The pandemic drove consumers online. Smart brands, like Burberry, American Eagle, and Net-a-Porter, responded with immersive digital experiences that suggest a more vibrant future for e-com.
For the past five years, many brands have worked hard to create immersive, entertaining experiences in their brick-and-mortar stores to entice customers in. (Remember Glossier’s millennial pink cafe? Or Casper’s nap bar?) In 2020, with stores shuttered for months, the pressure was on for brands to create immersive digital experiences for consumers.
This makes sense. During the pandemic, consumers flocked to the internet like never before: experts at IBM says that e-commerce grew by 20%, and the shift from physical stores to online shopping accelerated by five years. But the flip side of that is that brick-and-mortar revenues declined by 14% in 2020, creating a loss so great that even the spike in online sales won’t make up for it. To stay afloat, brands are now under incredible pressure to boost their digital experience. They need to offer fun, memorable, and seamless shopping experiences—or risk losing the consumers’ attention.
Ashley Schapiro, VP of global media at American Eagle, points out that people began spending far more time on the internet. So in some ways, brands aren’t just competing with one another, but also with the pull of Netflix, YouTube, and social media. She decided if American Eagle can’t beat ’em, it better join ’em. “We need to be where our customers are,” Schapiro says. “To be relevant and present with Gen Z, we needed to get creative and explore new avenues.” This is why Schapiro helped American Eagle pioneer the very first Snapchat store, where users can shop directly from the brand’s stories on the app.
American Eagle was one of many brands this year that explored new ways to capture our attention. As the retail sector got pummeled by the pandemic, brands rose to the occasion by nimbly and creatively trying new things they never would have done otherwise—and some of these experiments may end up shaping the future of shopping. Here are six unconventional new approaches that suggest that e-commerce is about to get a lot more entertaining.
AMERICAN EAGLE’S SNAPCHAT STORE
To launch American Eagle’s holiday collection, which featured a collaboration with Disney, the brand created an augmented reality store on Snapchat that would run from early November till Christmas. When you visited the brand’s page on the Snapchat app, you’d see a digital version of a real-life American Eagle store, stocked with products. As you navigated through the store, you might see Disney characters getting up to mischief: Mickey and Goofy might be dancing on a table or climbing up a fixture. If you saw a product you liked, you could click on it to buy it. Schapiro says it was important to find ways to keep customers coming back to the American Eagle feed. “We’ll refresh the visuals three times, so that if users came back, it would be a different experience,” she says. This was the first time that Snapchat users were able to shop directly on the app, magically blending together entertainment, social media, and shopping.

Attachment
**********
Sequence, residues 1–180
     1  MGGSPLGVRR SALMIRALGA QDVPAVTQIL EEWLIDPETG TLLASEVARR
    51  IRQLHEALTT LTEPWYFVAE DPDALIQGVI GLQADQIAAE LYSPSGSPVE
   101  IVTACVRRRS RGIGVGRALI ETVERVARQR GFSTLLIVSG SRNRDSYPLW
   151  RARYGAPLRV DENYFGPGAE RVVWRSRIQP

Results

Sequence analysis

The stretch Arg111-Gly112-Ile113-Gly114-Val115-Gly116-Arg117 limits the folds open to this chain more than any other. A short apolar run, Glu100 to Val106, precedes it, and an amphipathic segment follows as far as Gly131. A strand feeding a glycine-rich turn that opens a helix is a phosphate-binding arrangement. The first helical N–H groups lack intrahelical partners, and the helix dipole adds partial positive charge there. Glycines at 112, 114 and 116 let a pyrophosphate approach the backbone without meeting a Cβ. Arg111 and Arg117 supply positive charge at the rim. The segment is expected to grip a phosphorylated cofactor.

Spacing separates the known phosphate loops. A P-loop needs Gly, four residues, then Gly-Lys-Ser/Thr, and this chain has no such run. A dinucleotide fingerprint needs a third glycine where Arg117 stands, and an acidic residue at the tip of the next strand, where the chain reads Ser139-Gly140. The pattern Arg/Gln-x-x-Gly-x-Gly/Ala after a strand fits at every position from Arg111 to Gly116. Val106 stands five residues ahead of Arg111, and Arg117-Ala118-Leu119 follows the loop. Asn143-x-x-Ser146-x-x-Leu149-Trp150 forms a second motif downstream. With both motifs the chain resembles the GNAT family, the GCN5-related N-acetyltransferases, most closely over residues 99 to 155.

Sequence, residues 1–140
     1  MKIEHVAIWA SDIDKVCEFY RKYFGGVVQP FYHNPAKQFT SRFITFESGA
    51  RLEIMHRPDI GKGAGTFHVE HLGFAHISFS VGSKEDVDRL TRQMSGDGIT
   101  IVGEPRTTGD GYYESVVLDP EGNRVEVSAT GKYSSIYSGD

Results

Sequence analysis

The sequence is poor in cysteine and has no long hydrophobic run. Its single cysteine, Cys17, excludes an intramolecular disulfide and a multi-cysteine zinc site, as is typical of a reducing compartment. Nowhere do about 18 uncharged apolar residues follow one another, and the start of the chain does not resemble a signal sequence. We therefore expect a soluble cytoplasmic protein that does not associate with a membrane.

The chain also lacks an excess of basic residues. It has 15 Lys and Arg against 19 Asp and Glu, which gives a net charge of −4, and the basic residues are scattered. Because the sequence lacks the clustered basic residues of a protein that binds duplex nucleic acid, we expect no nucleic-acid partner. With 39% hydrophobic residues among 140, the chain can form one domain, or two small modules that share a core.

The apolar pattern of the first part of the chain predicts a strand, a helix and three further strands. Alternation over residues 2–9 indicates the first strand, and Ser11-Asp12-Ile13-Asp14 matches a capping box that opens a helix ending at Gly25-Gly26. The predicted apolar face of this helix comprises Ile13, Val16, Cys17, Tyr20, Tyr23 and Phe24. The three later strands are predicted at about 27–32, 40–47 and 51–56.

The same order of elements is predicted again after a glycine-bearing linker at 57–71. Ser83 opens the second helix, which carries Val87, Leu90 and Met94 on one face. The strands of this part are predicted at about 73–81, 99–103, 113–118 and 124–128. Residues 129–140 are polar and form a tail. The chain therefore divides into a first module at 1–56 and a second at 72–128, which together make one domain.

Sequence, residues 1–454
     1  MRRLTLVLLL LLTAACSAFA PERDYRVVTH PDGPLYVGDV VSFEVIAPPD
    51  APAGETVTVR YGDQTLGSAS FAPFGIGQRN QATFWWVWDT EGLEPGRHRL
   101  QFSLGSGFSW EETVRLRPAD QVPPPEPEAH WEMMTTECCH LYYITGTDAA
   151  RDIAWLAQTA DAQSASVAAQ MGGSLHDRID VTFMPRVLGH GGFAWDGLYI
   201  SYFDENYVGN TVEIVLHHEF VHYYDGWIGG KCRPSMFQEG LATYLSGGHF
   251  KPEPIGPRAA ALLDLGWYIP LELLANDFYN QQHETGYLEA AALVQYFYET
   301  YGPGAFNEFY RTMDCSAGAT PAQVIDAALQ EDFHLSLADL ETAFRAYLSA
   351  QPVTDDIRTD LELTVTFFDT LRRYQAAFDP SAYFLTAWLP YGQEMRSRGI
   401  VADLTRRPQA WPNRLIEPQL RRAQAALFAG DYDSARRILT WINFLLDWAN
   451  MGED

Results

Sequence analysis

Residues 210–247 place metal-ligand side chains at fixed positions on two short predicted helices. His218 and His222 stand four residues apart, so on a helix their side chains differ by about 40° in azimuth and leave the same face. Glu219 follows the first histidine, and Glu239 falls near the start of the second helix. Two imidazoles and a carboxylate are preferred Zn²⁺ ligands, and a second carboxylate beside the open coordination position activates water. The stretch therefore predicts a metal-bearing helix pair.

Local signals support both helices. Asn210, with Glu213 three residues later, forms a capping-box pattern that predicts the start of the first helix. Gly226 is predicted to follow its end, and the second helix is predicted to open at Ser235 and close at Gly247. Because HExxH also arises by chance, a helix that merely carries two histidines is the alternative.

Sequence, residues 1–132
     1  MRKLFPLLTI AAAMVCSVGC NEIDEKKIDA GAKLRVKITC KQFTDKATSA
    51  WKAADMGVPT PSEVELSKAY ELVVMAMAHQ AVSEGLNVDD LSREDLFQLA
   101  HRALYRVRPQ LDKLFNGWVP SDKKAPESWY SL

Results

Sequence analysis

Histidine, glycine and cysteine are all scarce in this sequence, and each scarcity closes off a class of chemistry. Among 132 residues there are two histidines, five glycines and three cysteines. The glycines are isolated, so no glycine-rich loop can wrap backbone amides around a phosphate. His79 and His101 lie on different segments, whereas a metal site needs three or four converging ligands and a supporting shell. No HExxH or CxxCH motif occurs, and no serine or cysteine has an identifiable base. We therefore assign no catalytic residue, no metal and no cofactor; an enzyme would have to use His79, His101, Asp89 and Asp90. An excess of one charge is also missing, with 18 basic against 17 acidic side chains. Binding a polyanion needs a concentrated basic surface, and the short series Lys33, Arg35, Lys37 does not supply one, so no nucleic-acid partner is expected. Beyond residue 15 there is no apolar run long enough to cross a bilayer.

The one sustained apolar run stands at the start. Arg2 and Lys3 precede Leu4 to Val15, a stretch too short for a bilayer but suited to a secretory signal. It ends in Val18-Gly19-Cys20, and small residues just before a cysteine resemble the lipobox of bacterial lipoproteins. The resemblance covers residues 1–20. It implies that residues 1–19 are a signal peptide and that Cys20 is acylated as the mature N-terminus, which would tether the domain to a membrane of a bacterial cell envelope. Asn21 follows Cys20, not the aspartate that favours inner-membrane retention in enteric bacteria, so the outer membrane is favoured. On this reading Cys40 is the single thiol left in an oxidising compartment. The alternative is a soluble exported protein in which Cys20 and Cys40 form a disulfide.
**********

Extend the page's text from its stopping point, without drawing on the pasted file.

For people who were nostalgic for shopping in store, this immersive Snapchat experience mimicked the real thing closely, but the added AR elements made it feel distinctly 21st century. This was a winning strategy for American Eagle. The company garnered 41 million impressions of the store, which led to 26,000 purchases, totaling $1.9 million in sales to date. Now, the brand is exploring other creative ways of leveraging Snapchat as a shopping tool.
BEAUTYCOUNTER’S LIVE STORE
Beautycounter’s newest store, on Abbot Kinney Avenue in Los Angeles, is outfitted with a recording studio in the back, so that any in-store experience can be live-streamed to the clean beauty brand’s website. If new lipsticks come in, the in-store makeup artist might demonstrate what they look like on a customer, while live streaming it to digital shoppers on the other side of the screen. Those watching at home can ask a question—”Does it work for an evening look?” “What blush matches this color?”—and the makeup artist can respond in real time. And if the customers like a product they’re seeing in the video, they can click on it and be taken directly to the product page; the video they’re watching will pop out and continue playing in the corner of the screen while they browse.
Gregg Renfrew, founder and CEO of Beautycounter, says the studio is an opportunity to bridge the gap between the in-store and the at-home shopping experience. It allows customers online to get the buzz of shopping in-store, while also getting advice from experts about how to use particular products. But Refrew sees the studio as an experiment that will shed light on what Beautycounter’s really need from a store, and it will evolve as consumers respond to it. Renfrew wants to see how the platform evolves as consumers respond to it. “We’re going to iterate based on what customers want,” she says. “We’re not exactly sure how it will play out, but we know there’s something here.”
DREST VIDEO GAME
Could a video game be the future of online shopping? Lucy Yeomans, former editor in chief of Harper’s Bazaar, thinks so. This year, she launched a video game called Drest that allows the player to pretend to be a fashion editor. Every day, players get a selection of clothes, shoes, and accessories, and are invited to participate in a challenge, like dressing a model for a magazine cover photo shoot. The outfits are then judged by other players on the app, and as you score points, you can rise up through the ranks of the fashion industry.